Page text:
The second category involves cloud-based tools. Third-party application and managed service providers run these tools, which sit between your in-house messaging environment and outsiders communicating with you.
Cloud-based email security tools are great for shielding your network from phishing, malware-laced emails and direct hacking attacks. In the event your Exchange server or Internet connection goes offline, these tools can also queue up your messages so they don't get lost in the shuffle.
There are important factors to consider with cloud-based email security tools:
Know the level of protection you have. In other words, are the tools protecting against what you've determined to be threats, vulnerabilities and risks to your Exchange environment? Malicious attachments and links, DLP, content filtering and DoS protection will likely be high on your list.
Check on outbound protection. Does the service provide outbound protection if one of your systems is hacked and is wreaking havoc on others outside your network? Will you be okay with sensitive information reaching your DLP systems outside your realm of control?
Know who monitors the tools. Will the cloud provider monitor everything, or is that function still yours? I prefer to let someone else take care of monitoring, but the decision is up to you.
Learn the provider's reporting habits. Can it deliver messaging security reports that have some substance that management will understand and appreciate?
Read the service-level agreement (SLA) fine print. What does the provider's SLA actually say? It's possible they may not guarantee security. Make sure your expectations and management's expectations are set. Uptime promises may not be good enough, either. Read the fine print beyond what the marketing slicks and sales weasels promise.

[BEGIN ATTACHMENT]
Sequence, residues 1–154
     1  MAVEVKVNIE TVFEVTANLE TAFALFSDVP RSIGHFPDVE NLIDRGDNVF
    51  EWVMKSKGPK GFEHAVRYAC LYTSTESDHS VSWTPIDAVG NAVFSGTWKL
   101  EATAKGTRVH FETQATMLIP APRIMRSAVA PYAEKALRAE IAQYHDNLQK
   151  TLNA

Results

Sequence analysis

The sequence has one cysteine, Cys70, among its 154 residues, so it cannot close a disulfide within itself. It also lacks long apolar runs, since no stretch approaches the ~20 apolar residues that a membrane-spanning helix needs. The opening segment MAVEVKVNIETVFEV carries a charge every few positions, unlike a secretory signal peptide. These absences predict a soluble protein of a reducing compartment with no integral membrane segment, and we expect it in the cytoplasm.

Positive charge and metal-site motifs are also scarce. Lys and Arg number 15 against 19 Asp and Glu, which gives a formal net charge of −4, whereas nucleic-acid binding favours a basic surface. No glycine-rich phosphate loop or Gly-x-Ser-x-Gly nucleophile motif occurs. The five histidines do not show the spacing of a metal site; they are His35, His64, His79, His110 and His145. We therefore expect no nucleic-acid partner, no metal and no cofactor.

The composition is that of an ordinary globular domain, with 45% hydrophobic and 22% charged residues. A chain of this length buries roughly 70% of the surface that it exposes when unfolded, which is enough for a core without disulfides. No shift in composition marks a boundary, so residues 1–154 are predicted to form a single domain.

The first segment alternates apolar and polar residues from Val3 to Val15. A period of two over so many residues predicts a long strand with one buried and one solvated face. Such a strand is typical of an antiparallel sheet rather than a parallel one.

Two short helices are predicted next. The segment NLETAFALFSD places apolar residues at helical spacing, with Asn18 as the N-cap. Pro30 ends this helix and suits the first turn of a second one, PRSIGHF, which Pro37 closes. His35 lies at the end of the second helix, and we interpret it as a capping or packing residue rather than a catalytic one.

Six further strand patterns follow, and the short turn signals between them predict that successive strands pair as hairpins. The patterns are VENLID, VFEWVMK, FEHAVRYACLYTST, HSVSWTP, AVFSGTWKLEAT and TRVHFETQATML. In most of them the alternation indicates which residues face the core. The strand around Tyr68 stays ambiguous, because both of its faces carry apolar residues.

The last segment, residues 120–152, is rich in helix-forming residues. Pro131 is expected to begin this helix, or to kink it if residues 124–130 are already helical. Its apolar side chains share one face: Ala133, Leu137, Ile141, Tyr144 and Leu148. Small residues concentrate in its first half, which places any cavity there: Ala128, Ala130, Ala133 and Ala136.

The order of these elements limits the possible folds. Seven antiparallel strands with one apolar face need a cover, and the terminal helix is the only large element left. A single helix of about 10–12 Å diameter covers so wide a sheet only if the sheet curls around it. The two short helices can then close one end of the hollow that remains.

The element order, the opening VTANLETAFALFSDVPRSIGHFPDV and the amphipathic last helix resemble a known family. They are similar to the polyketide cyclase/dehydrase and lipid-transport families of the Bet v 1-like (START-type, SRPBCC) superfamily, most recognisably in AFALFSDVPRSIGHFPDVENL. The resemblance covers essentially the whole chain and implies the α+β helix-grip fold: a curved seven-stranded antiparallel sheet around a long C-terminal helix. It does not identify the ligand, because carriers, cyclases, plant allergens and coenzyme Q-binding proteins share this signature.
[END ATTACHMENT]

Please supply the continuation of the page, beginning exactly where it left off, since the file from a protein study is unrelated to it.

Make sure the tools work for legal and compliance. Will the service pass muster with your legal counsel and compliance officer? Get these people involved and let them guide you through the many legal and compliance issues associated with cloud-based technologies, including data ownership, jurisdiction and privacy.
Certain messaging security tools may be a hybrid of on-premises and cloud-based options, which may help strike a better balance of control and risk. Some of these tools might be available with Office 365 and other hosted Exchange options.
An information risk assessment is the only reasonable way to find out which email security tools will work best. Know your environment, understand your risks and put the right Exchange tools into place. If you take the time and do it correctly, your Exchange system will be much more secure and likely easier to manage, just like in the good ole days.
About the author:
Kevin Beaver has worked for himself for more than 11 years as an information security consultant, expert witness and professional speaker at Atlanta-based Principle Logic LLC. He specializes in performing independent security assessments revolving around information risk management, and is the author and co-author of many books, including The Practical Guide to HIPAA Privacy and Security Compliance and Hacking for Dummies.